Then I got an email from a heretofore unknown Australian cousin, A Connor, who had looked at my lovely Windham chart and had made a connection from my chart, and was able to trace the family further. And wow, further is right. He looked at the wife of Sir John Wyndham (d1502) who had married Margaret Howard, who was the daughter of the Duke of Norfolk. And there it was, a lovely pedigree.

A line that could be traced back to Edward I (Longshanks – Hammer of the Scots, etc). King of England- I repeat, King of England. Even better, Margaret was descended from his son Thomas of Brotherton, whom he had with his second wife, Margaret of France. She was the daughter of Philip III of France. I repeat King of France. And there you have it, a royal connection, a family tree that can go to the earliest days of English monarchical rule, and to the Capetian Kings of France.

From Wikipedia

From Wikipedia

Now of course the Scot in me (1/4) is a bit conflicted about being related to the “Hammer of the Scots” and I am sure the Irish quarter is none too impressed, but hey, the English half is most pleased, and amazed. And I think I should wear a tiara all the time because- hey a couple drops of royal blood.

Here is the chart:

Henry III of England Phillipe III of France
Edward I of England (Longshanks) Margaret of France

Thomas of Brotherton, 1st Earl of Norfolk (1300-Aug 1338) m. 8 Jan 1326 Alice de Hales (d/o Sir Roger de Hales) (d Oct 1330)

Margaret, Duchess of Norfolk (Earl Marshal of England) (1320-Mar 1399) m. @1335 John Segrave, 4th Baron Mowbray (d. 1 Apr 1353)

Elizabeth de Segrave, 5th Baroness Segave m. John de Mowbray, 4th Baron Mowbray (23 June 1340-1368 in Constantinople)

Thomas de Mowbray, 1st Duke of Norfolk (22 Mar 1367-22 Sep 1399 Venice) m. Elizabeth FitzAlan Arundel (d/o Richard FitzAlan 11th Earl Arundel) (c1372- 8 July 1425)

Margaret de Mowbray (1388-1459) m. Sir Robert Howard of Tendring (1385-1436)

John Howard, 3rd Duke of Norfolk (1425- 22 Aug 1485) m. Katherine Moleyns (d 3 Nov 1465)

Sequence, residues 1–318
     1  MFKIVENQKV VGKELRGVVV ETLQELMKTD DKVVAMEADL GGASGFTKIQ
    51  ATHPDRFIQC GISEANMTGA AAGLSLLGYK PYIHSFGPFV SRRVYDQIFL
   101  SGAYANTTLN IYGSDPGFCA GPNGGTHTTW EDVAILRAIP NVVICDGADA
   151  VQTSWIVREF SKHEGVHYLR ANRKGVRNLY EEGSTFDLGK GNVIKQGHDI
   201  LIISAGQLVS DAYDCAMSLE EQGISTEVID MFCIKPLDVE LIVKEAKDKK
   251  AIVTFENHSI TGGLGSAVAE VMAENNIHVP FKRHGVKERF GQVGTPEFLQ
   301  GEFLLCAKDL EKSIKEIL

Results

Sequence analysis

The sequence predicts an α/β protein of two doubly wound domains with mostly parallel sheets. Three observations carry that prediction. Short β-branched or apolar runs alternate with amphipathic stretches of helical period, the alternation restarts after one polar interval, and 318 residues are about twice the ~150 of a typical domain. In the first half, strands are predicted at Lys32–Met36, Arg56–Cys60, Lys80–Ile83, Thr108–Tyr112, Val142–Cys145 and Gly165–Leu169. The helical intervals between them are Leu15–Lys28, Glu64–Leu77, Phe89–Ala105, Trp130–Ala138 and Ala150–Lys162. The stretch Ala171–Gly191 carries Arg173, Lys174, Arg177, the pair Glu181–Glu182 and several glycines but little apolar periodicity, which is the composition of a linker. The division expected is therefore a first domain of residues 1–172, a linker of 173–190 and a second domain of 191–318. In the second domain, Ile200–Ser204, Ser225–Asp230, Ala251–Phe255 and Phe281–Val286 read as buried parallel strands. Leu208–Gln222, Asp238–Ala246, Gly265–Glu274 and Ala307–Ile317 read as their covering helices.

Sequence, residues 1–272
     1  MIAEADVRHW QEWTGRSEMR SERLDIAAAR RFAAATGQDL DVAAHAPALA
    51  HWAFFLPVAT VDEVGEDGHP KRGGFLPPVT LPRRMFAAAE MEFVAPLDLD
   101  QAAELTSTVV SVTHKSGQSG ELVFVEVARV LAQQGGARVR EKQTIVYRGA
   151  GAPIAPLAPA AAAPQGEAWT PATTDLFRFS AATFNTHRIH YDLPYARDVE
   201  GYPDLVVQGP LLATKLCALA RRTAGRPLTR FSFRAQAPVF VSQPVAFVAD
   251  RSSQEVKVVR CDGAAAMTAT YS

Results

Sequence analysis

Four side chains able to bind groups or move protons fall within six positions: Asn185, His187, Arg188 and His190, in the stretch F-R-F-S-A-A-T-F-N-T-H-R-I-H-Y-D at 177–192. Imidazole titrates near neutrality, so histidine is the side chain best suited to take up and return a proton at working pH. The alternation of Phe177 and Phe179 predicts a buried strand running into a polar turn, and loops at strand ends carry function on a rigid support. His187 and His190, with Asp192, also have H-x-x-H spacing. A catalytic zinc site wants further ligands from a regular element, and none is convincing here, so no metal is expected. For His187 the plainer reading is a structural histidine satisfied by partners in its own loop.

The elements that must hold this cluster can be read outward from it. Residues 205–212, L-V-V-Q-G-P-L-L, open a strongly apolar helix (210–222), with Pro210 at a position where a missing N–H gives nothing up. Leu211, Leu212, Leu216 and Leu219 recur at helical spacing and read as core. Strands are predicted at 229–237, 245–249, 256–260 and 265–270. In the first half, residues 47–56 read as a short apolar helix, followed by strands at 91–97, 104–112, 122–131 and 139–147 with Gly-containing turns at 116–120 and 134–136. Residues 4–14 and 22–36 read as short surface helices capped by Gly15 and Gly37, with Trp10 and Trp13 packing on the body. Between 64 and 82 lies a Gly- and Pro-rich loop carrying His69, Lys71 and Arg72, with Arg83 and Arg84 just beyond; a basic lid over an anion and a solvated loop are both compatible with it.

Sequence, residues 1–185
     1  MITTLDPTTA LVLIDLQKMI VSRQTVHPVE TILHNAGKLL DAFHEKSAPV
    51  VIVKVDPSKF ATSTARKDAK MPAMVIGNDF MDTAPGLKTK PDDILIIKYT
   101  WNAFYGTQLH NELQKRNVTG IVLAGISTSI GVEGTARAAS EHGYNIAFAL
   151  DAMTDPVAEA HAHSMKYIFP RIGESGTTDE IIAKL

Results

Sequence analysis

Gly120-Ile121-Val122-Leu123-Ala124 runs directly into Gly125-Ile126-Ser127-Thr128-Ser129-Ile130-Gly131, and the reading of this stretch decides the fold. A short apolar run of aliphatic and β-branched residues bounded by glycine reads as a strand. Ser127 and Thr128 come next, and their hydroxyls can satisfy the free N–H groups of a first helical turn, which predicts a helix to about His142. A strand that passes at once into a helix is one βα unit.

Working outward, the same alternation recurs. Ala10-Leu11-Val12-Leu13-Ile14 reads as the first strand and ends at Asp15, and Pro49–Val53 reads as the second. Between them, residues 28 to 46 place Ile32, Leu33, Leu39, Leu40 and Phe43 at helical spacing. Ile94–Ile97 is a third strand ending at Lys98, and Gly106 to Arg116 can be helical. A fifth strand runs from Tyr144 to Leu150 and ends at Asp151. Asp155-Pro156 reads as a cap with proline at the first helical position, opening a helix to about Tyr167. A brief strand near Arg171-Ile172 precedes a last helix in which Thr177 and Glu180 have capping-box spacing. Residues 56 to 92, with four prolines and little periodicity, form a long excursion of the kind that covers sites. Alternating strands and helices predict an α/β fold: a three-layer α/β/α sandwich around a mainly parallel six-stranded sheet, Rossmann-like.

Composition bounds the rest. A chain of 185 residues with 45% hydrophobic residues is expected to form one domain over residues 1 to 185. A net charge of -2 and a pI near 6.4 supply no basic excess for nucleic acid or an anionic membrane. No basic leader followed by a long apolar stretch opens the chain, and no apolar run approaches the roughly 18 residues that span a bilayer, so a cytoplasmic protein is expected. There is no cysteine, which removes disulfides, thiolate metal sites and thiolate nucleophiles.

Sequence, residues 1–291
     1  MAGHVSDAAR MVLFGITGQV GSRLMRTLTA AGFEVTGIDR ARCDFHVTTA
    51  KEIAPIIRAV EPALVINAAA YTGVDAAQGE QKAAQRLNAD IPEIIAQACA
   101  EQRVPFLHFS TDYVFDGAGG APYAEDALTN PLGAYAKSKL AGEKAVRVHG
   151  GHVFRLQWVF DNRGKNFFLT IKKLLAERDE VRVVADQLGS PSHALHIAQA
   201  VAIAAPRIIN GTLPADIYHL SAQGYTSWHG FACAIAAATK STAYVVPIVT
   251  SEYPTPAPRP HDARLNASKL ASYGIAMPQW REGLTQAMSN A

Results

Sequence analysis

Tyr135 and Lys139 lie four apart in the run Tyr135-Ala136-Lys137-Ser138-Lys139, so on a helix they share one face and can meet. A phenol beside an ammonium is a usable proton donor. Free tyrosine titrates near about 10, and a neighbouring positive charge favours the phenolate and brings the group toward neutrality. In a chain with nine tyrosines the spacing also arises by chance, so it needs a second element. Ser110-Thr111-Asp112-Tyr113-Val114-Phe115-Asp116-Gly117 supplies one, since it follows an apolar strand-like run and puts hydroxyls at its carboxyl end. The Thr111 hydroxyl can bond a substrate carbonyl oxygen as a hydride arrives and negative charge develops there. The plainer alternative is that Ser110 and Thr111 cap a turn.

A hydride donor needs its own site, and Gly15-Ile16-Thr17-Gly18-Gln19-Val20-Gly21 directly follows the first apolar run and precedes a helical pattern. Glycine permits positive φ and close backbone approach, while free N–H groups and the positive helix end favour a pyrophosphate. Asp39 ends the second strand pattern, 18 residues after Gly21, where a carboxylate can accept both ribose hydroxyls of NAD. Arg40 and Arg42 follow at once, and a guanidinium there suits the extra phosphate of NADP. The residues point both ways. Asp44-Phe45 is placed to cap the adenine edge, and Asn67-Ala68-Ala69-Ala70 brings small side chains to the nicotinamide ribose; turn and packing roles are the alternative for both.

Margaret Howard m. Sir John Wyndham of Crownthorpe & Felbrigg (d 1502)

Sir Thomas Wyndham (1522) m. Eleanor Scrope

Sir John Wyndham (d. 1572) m. Florence Waldham

Sir John Wyndham (1558-1645) m. Joan Portman

Thomas Windham (1585-1654) m. Elizabeth Mede

William Windham (1647-1689) m. Katherine Ashe (1652-1729)

Ashe Windham (1673-1749) m. Elizabeth Dobyns (1693-1736)

William Windham (1717-1761) & Mary Morgan (Mistress)

Elizabeth Windham (aka Morgan) (1743-1810) m. Richard Guise (1735-1806)

Sarah Elizabeth Guise (1762-1833) m. Rev John Cutler (1756-1833)

John Cutler (1794-1843) m. 1824 Louisa Freak (1806-1874)

Mary Cutler (1836-1921) m. 1861 Frederick Paulin(e) (1831-1918)

Ernest Alfred Paulin (1864-1912) m. Emma Jane Jennings (1866-1951)

Grandad m. Nanny

Mom m. Dad

Me

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Patriotic Song, Montreal, 1869

Montreal Gazette, 1 November 1869, page 2.

Patriotic Song

The following is one of the many poems called forth by the prize offered by the Caledonian Society, and though the bard was not successful, we have no doubt he would like to be “known to fame” and therefore it is presented to the
public.—

Fine country, fertile, flourishing,
Full of fruit and vegetables nourishing!
When Fenian foes were vanquished quite,
And ran away with all their might,
Who would not fight for such a land,
As long as he’d a leg to stand?
It’s lakes are deep, its streams are wide,
And girt by trees on every side.
In climage it’s not very much to boast,
For in winter you freeze and in summer you roast,
But in stream or lake, in heat or cold,
It’s a better country than the old,
And I’d rather on whisky and pork live here,
Than in England on beef and table beer!
It’s people are rather a motley crew,
But to the old Flag they’ll ever be true;
The cowards who write for annexation.
Shall be kicked o’er the bounds of this loyal nation,
And the Yankees who think to be masters here,
Will find they have got the wrong sow by the ear;
Then all unite with heart and hand
To keep for ourselves this mighty land,
And in honour and in truth, in fame and renown
To preserve this brightest jewel in the British Crown!